Long Slow Distance is not Chronic Cardio

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I used to really be against long distance "cardio" work. And for good reason, I spent much of my early athletic life thinking I was an endurance athlete.

It was the "right" thing to do. It's easy to pick up a weight and sit down and rest. It's harder to go for a long run. At least that's the culture I was around.

I always imagine how much stronger and healthier I would be today if I spent my teenage years lifting weights rather than running Cross Country. The anabolic effects of a teenage guy's testosterone is like PEDs. Add some weightlifting to that, and you have instant beastmode! Instead I was going catabolic with long runs. Bah.

When I did finally make the switch to heavy weights, I had a bit of a backlash against the cardio world. I think I may have been a bit harsh in my denigrating endurance work, so I'll step back a little from my hard line.

I still think that most people you see on the road and the trail are doing it wrong. I still think that most training programs prescribe it wrong. But there is a good way to train for endurance - or more specifically, to use endurance training for life.

As you can tell from these posts (one, two, three, four), I've gone down the mitochondrial biogenesis rabbit hole. Having more, and more healthy mitochondria is key to living a healthy, happy, energetic life. Just about all chronic disease has some relation to poorly behaved mitochondria, so the single most important thing you can do for your health is to eat the foods mitochondria want (saturated fats) and train in a way to stimulate your body to make more mitochondria.

Proper training is what I want to clarify a bit. When you see folks go out for their run or ride - heck even when I used to go out for a run or ride - most of the time is spent "getting a good workout". I guarantee that the paces you see out there for most folks is squarely in that glycolytic pathway. This is that "chronic cardio" work. You know, the stuff that everyone thinks is healthy.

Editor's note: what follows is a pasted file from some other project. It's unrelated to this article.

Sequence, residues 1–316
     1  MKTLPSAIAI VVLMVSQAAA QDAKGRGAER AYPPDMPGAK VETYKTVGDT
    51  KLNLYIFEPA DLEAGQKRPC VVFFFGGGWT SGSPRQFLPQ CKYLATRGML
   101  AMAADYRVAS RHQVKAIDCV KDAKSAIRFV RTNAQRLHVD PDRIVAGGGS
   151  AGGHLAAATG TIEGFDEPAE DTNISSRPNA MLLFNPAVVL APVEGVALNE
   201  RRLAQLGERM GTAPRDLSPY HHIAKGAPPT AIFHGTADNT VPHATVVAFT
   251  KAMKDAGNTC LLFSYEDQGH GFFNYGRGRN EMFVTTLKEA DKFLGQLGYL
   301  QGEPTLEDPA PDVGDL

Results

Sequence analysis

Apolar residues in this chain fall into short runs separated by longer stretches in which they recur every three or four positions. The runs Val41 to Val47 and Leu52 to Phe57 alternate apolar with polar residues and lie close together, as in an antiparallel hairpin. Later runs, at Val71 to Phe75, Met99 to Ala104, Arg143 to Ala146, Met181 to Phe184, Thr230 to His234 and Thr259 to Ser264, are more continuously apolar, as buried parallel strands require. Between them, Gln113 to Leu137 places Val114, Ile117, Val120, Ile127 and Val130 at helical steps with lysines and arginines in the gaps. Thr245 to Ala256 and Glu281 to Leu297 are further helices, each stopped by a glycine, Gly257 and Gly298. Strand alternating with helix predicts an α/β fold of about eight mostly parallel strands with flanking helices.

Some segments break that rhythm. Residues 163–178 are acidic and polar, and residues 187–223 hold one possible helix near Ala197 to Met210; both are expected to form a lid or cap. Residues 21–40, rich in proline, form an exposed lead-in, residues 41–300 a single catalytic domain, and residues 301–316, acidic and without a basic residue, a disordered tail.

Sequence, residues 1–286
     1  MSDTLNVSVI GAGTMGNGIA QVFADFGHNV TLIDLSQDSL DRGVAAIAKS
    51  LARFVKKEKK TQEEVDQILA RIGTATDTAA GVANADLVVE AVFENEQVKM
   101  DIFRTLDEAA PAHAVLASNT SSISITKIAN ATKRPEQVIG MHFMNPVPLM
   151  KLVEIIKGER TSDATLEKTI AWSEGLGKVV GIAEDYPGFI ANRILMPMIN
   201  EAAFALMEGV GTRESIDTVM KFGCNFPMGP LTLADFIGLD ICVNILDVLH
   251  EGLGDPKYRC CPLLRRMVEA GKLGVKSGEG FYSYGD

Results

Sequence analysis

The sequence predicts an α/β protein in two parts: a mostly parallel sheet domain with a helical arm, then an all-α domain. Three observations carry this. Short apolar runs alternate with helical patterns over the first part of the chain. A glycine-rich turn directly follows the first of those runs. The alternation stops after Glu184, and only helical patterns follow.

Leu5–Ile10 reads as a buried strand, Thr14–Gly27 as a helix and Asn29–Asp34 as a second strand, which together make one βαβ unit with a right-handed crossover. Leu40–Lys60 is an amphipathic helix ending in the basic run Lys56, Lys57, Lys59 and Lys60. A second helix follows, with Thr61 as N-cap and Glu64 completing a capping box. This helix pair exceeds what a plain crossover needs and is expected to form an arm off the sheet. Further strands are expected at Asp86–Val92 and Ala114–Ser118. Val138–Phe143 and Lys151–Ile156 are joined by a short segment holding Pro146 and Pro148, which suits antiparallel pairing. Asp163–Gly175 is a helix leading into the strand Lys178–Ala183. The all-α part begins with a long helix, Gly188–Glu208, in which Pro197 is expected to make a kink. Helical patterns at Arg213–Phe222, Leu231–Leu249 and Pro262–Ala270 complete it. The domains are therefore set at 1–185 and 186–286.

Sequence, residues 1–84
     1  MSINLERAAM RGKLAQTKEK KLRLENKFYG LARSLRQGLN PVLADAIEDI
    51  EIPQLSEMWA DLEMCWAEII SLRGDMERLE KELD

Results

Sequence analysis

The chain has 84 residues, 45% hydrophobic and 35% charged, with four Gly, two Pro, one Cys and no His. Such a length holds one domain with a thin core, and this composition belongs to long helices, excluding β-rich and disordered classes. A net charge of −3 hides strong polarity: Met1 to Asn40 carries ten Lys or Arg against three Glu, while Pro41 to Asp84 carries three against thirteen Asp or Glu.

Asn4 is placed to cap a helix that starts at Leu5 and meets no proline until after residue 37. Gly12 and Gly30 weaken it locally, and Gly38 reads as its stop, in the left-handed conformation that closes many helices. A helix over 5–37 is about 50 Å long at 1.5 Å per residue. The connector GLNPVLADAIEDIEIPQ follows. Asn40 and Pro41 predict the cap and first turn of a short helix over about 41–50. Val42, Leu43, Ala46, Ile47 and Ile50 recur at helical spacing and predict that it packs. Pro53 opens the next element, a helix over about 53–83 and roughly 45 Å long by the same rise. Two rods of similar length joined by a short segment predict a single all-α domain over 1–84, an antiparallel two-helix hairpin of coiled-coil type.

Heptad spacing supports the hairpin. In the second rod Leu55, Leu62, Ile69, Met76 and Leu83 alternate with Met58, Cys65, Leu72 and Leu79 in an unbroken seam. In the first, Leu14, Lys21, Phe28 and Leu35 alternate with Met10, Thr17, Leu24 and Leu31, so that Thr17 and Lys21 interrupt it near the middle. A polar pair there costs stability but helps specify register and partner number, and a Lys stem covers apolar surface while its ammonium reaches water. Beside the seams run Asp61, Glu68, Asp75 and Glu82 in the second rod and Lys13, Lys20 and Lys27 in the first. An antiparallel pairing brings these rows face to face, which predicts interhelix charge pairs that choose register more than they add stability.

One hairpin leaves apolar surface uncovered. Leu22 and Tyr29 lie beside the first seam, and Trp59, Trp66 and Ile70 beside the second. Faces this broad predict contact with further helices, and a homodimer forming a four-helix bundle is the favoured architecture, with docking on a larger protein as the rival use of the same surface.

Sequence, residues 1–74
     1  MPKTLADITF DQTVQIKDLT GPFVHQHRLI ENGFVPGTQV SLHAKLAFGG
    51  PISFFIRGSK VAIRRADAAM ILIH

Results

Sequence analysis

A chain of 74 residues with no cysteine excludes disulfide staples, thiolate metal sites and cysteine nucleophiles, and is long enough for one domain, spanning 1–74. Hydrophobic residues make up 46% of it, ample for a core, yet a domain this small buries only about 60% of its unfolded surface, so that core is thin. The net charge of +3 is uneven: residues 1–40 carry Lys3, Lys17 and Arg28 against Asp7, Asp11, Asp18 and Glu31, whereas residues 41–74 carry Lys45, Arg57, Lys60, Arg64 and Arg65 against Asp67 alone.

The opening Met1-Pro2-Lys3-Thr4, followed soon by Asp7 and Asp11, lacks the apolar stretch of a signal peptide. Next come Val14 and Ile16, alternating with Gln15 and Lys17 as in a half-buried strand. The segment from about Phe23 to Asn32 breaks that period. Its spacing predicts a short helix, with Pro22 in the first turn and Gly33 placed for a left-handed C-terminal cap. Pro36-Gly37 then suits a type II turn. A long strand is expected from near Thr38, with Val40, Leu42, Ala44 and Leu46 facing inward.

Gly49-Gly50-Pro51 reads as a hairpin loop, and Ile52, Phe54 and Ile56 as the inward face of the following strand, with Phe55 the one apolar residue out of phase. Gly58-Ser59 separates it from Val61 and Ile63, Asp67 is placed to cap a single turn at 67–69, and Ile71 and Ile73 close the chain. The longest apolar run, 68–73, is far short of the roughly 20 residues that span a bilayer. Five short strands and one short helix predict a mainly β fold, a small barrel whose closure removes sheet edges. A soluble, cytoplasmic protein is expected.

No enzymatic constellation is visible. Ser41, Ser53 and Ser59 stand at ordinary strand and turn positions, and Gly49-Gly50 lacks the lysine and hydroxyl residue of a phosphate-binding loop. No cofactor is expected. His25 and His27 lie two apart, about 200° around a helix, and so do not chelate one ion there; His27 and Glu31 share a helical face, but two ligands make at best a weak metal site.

Hint: if you need sports drinks or energy gels to not bonk, you're burning sugar! 

Hours pounding the pavement in sugar burning mode is no good for you.

So what's the right way to train? I'm going to separate "Long Slow Distance" from "Chronic Cardio" here. I think of there years it's all been lumped together. But LSD is different. LSD is SLOW! Slow enough that you're not ever going glycolytic. 

How do you do that? You learn to listen to your body. Or you can take the shortcut and say that your work needs to be so easy that your heart rate is always BELOW 180 minus your age. It's been a well tested formula and works for just about everyone. But once you know what that feels like, you don't need the heart rate monitor - if you can stay honest with yourself.

Last week I had a cold. And when I have a cold, I always back way down on my workouts. I still wanted to move, so I just put my current program on hold and did a short detour into LSD land. I figured doing something that wouldn't tax my body would be a good idea.

I did 3 days of rowing, 40 minutes at 140 bpm. I didn't pay attention to my pace or my stroke rate or anything. I just rowed and payed attention to my heart rate. 

Day 1, my average pace was 2:41 and my average heart rate was 139 bpm. Day two, 2:35/137. Day three 2:27/137.

I can attest that the perceived effort for those three days was the same. So using the heart rate as a proxy was good for me. The biggest surprise for me was the quick improvement in speed in only three days. I have a feeling that if I spent a month or two at it, I could easily be sub 2:00 with the same effort. (But there is a problem with LSD - it's long. I can't sit on a rower for 40+ minutes every day. I'll go insane!).

I'm betting that this is all mitochondria biogenesis and the fat-burning power pathway getting stronger. Kevin thinks that it's my rowing efficiency getting better from practice. There may be some truth to that, but I row everyday for a warm up, so my stroke is grooved in well already.

We see this all the time with AGT-style kettlebell work, the forums are full of people who just work long and slow and all of a sudden realized how fast they are. I remember reading a post from a guy after the last TSC - he did 120 snatches in 5 minutes (a good score, but not earth shattering). Everyone was shocked at how slow he was since he was known for being great in that event. Then he posted his heart rate trace, and he never once went glycolytic during the event. I have to go to my dark place to get 120+ snatches, he can do it as LSD. That's why we want to train that pathway.

Another good way to get LSD? Go ruck with Blake on Saturdays!

Michael Deskevich